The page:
For a class project, I was attempting to scrape data from IMDb. I started by using Beautiful Soup. This was my first attempt at web scraping, and I am a beginner in data science and coding in general, having only started this data science program 2 weeks earlier. Despite struggling to get a handle on the syntax, after a lot of trial and error I eventually was able to start getting the data that I was looking for.
I was attempting to scrape the data from a page that listed the top grossing movies from 1990 through March of 2020. This particular list contained 50 movies per page. In order to do my trial and error method quickly, I was practicing scraping only the 50 movies on the first page.
My first task was to scrape the movie titles. In order to do this I simply went through each movie entry and pulled out the name and appended it to a list of movie titles (after being too far along in my effort I found out that using a dictionary for each movie would probably be a better strategy. Live and learn.) After I got it to work, I went through most of the data that was included for each movie, which included the release year, IMDb rating, Metascore, MPAA rating, runtime, genres, votes cast for the movie, and gross earnings.
With each successive category I was getting more comfortable with the process and was getting much quicker. Once I got finished getting each of these categories I was starting to feel like I was getting it...
Then the problems started. As I said before, in order to have the process go quickly, I was only scraping one page at a time, for a total of 50 data points in each category. I did make sure that my loop for running through each page worked, but then I cut back to only 1 page at a time. When I finally tried to go through 2000 movies I started getting errors.
What I eventually realized was that missing data was what was causing my errors. For example, some of the movies had no IMDb rating. When the trying to navigate to a particular line of text, like below:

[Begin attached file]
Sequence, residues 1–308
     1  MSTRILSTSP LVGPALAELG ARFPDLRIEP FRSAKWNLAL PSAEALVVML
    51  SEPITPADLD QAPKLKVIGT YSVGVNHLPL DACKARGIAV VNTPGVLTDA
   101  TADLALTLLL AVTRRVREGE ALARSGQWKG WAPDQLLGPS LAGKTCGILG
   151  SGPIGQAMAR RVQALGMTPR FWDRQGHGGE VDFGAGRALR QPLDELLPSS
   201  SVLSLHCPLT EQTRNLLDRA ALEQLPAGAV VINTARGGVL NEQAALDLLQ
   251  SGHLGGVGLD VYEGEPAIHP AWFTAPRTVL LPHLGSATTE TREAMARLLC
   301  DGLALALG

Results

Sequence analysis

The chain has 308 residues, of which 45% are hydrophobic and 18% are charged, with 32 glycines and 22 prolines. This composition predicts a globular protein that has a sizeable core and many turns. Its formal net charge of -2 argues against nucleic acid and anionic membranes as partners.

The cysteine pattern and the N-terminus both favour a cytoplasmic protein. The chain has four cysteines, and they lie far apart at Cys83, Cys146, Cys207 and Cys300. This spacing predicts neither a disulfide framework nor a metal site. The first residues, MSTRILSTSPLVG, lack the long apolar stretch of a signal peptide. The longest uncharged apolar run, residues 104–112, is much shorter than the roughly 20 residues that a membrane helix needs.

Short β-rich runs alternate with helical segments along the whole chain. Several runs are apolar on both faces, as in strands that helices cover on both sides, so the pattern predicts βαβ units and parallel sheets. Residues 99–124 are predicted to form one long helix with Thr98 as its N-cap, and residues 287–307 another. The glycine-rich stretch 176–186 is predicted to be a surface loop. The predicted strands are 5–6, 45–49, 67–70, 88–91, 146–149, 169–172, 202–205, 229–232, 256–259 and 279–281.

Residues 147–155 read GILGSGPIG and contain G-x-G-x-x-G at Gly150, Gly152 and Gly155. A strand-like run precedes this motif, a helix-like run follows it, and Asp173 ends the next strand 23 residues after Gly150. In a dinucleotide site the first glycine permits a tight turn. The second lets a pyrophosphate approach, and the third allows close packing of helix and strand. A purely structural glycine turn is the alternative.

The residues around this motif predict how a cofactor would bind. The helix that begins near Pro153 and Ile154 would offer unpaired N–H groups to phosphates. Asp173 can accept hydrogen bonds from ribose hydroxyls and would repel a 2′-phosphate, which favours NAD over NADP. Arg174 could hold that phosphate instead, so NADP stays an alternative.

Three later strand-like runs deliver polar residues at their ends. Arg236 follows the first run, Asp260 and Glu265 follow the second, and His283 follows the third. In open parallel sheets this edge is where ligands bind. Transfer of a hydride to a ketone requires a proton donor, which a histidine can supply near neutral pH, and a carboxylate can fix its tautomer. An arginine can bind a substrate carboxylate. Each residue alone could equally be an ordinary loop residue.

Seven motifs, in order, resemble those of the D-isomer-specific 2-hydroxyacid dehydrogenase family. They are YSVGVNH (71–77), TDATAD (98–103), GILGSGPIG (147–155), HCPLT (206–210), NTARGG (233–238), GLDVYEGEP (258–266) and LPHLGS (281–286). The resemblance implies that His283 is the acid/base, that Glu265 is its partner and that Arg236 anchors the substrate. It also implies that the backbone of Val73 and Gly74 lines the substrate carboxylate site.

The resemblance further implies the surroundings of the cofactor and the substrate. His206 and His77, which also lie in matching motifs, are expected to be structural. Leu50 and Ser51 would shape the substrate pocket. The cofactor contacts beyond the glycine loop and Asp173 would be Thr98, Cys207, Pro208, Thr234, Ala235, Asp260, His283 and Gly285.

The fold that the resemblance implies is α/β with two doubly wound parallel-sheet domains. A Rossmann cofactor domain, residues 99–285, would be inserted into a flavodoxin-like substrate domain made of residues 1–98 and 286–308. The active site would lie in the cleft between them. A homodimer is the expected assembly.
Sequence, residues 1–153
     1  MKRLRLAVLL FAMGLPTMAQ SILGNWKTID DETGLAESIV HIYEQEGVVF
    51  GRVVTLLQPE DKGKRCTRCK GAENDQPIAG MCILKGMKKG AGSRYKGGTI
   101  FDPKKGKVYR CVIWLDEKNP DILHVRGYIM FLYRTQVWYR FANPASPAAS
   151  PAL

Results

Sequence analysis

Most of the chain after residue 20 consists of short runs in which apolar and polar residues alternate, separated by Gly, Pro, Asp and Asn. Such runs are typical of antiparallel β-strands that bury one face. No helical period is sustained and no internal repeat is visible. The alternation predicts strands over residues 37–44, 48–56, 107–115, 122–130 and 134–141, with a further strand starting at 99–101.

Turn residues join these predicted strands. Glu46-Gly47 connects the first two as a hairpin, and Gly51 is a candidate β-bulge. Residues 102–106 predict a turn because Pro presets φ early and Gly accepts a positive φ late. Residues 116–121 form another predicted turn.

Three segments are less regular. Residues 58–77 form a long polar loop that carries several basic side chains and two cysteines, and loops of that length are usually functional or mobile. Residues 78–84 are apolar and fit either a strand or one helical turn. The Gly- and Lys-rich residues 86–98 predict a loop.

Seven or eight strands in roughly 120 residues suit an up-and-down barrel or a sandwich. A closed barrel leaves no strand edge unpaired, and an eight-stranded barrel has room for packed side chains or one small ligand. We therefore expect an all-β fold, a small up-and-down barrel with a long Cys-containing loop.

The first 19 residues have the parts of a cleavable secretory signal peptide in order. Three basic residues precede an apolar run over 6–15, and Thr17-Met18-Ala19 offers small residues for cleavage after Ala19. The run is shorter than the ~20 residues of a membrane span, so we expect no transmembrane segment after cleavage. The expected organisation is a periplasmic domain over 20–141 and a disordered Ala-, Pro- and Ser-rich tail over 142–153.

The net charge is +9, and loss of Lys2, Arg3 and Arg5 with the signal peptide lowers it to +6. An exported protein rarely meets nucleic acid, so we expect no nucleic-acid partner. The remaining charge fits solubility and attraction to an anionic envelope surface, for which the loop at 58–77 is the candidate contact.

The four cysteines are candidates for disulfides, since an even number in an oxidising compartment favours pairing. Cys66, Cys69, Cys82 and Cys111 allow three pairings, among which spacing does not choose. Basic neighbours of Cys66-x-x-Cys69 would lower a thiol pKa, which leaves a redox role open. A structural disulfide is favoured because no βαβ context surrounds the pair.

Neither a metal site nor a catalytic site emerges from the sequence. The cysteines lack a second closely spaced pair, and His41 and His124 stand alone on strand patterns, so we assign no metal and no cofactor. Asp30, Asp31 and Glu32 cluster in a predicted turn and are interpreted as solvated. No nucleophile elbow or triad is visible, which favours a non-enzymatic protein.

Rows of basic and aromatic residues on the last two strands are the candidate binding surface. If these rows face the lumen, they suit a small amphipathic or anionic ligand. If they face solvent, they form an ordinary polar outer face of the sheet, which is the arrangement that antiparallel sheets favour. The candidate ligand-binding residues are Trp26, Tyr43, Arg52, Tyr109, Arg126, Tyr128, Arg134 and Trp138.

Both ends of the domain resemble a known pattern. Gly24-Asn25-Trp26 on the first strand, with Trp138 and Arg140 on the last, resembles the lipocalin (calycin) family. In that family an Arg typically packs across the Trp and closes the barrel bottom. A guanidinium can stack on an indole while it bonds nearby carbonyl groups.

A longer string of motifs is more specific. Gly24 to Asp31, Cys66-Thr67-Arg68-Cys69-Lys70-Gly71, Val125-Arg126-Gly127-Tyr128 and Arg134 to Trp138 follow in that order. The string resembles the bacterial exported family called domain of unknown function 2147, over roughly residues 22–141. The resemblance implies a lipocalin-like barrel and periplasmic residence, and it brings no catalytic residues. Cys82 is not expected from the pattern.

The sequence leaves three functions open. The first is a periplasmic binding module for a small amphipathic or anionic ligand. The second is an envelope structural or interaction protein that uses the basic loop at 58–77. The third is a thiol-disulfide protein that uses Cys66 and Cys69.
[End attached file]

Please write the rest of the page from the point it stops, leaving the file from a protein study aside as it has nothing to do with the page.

sometimes there was no text to find.
What I eventually figured out was that an if statement to determine if the data point exists could fix it. Since the rating code was written with "strong" tags, I just needed to write an if statement checking to see if the strong tag existed. If it did not, the else statement would append the list with "None."
What this taught me was that it is probably a good idea to make your code stronger by planning for the possibility of missing values as a general rule.
Missing Values Part 2
The second big problem that I faced was similar to the first problem. However, this time the problem involved missing values other than the one that I was targeting. This problem arose when I decided to try and get some data beyond what was listed on the previous pages that I was scraping. The information that I was previously getting was all on the list page, which contained the top grossing movies since 1990. However, I was interested in obtaining information about each movie's budget. For this, I had to scrape each individual movie's IMDb page.
Being able to go to each movie's page was easy enough. However, the problem arose when trying to obtain the budget value. On the page for the first movie, I simply entered in the code that pulled up the budget data:
The problem was when I tried to go through 2000 movies. What I was doing with my code was search for every h4 inline entry, and selecting the budget one from the list. There were usually 21 h4 inline data points for each moving. However, sometimes there were missing values. For example, some pages didn't have any information on filming locations. When this value was missing, instead of budget being the 13th h4 inline value, it was the 12th. Other times, there would be a number of values missing and it would only be the 8th.
Ultimately, I used if/elif statements to check each h4 inline value to see if it was the budget, and when it was, I would append the budget list with that value. If the budget value itself was missing, then I used the process that I described previously to address that problem.
Being pretty new to coding, these problems took me quite a bit of time to figure out (these and the multitude of other smaller problems that kept arising). The truly frustrating part is usually how simple the answer turns out to be, and the intense aggravation that I couldn't figure it out sooner.
On the other hand, it is incredibly rewarding to struggle for so long to get something right, and then finally run the code and have it all come together.